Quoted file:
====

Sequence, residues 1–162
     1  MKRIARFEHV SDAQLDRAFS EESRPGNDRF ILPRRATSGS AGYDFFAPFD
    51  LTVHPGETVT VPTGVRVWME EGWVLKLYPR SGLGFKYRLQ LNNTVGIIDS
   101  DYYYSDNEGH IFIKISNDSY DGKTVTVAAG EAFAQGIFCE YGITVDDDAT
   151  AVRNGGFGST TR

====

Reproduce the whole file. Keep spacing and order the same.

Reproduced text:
Sequence, residues 1–162
     1  MKRIARFEHV SDAQLDRAFS EESRPGNDRF ILPRRATSGS AGYDFFAPFD
    51  LTVHPGETVT VPTGVRVWME EGWVLKLYPR SGLGFKYRLQ LNNTVGIIDS
   101  DYYYSDNEGH IFIKISNDSY DGKTVTVAAG EAFAQGIFCE YGITVDDDAT
   151  AVRNGGFGST TR